Widespread peaceful demonstrations against the bill drew millions of people to the streets in early June. Opponents of the legislation said at the time that the proposed law could have been used by mainland authorities to extradite anyone in Hong Kong to China, including Beijing’s political adversaries.

Over the past few months, protests have devolved into widespread anti-government and anti-China demonstrations, with many calling for a more democratic society and greater accountability to its citizens.

Police have used tear gas, rubber bullets, water cannons and sponge grenades to disperse crowds, as some hard-line protesters have set fires at rail stations, smashed store fronts and vandalized other places of business with connections to mainland China or those perceived to be against the protests.

On Oct. 1 — the day Beijing held ceremonies to commemorate the 70th anniversary of the founding of the People’s Republic of China — a policeman shot an 18-year-old man while he was attacking officers. That marked the first time a demonstrator was hit by live ammunition since the protests began.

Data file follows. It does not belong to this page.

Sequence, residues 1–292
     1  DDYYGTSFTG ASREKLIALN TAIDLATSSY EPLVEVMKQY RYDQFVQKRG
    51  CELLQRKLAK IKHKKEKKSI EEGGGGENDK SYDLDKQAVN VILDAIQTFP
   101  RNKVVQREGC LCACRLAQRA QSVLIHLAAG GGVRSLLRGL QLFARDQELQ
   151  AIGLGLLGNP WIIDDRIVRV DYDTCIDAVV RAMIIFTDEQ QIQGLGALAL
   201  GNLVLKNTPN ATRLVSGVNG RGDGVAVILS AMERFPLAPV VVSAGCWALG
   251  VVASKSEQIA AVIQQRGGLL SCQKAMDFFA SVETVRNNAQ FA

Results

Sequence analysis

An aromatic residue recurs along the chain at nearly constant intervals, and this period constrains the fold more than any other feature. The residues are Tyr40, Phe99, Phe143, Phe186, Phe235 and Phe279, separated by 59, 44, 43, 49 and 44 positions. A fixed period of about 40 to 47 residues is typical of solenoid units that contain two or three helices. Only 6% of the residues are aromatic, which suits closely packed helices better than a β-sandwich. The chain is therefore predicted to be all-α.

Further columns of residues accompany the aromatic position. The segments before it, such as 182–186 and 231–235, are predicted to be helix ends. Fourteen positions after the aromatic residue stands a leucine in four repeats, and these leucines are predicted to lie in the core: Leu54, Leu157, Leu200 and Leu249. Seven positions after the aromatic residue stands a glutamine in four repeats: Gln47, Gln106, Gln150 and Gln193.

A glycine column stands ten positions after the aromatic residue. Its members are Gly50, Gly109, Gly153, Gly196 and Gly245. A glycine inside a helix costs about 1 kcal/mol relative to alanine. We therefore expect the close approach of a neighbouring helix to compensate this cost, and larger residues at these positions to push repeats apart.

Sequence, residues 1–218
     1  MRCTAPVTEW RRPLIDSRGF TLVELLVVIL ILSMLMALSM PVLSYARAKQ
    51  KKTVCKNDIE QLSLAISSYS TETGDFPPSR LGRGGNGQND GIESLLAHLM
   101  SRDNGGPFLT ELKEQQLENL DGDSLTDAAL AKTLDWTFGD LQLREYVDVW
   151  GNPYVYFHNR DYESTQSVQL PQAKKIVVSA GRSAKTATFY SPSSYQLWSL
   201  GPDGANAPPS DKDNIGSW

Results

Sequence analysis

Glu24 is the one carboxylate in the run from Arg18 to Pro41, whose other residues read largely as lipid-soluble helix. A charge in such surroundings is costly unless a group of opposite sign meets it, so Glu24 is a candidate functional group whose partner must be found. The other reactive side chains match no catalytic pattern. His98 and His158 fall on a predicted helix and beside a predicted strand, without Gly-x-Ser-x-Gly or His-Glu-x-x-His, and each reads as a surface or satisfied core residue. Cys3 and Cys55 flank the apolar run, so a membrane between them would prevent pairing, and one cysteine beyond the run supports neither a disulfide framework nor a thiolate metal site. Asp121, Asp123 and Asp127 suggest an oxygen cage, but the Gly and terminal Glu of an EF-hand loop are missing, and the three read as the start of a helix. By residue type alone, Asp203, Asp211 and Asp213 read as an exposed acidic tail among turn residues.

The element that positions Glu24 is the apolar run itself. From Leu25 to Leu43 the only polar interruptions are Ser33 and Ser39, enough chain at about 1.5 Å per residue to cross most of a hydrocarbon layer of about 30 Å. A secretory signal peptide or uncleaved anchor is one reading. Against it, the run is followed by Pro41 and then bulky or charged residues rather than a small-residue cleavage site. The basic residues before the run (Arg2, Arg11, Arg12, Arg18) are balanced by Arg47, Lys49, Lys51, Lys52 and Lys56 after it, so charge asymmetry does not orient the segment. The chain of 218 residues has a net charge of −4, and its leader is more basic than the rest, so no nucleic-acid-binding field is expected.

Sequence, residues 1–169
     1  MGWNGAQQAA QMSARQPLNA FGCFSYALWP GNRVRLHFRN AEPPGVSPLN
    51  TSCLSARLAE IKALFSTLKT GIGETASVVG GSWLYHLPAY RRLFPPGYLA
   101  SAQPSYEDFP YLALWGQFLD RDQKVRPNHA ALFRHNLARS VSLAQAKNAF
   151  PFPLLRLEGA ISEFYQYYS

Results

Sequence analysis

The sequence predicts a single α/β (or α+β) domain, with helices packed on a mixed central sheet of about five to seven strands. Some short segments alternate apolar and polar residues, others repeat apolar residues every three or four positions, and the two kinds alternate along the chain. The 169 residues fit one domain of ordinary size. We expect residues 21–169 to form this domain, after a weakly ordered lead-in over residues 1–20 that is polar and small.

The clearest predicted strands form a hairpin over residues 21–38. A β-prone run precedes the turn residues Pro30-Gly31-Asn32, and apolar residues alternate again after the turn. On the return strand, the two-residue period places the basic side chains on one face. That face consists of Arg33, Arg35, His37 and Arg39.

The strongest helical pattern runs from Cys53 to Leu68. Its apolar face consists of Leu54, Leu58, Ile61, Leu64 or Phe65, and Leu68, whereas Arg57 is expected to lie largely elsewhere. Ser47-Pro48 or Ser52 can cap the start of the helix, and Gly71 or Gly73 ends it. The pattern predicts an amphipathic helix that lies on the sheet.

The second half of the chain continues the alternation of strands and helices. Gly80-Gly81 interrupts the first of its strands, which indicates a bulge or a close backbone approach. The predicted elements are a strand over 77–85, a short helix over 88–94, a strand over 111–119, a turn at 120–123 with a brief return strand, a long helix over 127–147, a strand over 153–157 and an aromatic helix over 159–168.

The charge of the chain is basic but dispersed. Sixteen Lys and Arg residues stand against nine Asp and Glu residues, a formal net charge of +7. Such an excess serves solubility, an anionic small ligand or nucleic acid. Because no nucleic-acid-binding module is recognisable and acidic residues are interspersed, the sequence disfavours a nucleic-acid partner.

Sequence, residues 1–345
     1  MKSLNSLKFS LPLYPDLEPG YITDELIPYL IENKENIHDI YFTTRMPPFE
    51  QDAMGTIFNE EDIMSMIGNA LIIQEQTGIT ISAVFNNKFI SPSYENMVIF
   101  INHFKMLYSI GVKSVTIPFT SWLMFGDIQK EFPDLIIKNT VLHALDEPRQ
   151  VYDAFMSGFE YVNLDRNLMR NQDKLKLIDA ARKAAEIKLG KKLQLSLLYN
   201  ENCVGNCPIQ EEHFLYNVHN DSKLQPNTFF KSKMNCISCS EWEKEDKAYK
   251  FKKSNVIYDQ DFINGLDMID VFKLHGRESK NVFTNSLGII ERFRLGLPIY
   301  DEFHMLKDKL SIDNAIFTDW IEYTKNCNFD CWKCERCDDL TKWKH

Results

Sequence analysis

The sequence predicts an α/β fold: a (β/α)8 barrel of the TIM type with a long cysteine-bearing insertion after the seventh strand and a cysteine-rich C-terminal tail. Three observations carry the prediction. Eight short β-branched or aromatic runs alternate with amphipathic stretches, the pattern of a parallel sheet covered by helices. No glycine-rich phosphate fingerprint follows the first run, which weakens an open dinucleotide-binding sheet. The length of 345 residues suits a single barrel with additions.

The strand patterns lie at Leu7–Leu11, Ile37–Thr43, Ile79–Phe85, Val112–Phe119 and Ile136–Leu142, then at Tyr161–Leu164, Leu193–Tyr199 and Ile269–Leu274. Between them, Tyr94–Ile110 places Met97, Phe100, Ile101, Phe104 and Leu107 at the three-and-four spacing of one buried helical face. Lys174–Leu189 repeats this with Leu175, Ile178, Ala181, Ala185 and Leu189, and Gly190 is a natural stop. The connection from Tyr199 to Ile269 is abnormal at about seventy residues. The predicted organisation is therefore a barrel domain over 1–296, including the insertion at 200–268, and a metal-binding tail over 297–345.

As violent clashes between protesters and police continued into autumn, Lam invoked emergency powers on Oct. 4 to ban the wearing of face masks during demonstrations. But tens of thousands of protesters have defied the ban to hide their identity and protect themselves against tear gas.

North Korean dictator says will withdraw South Korean facilities from Mount Kumgang Tourist Region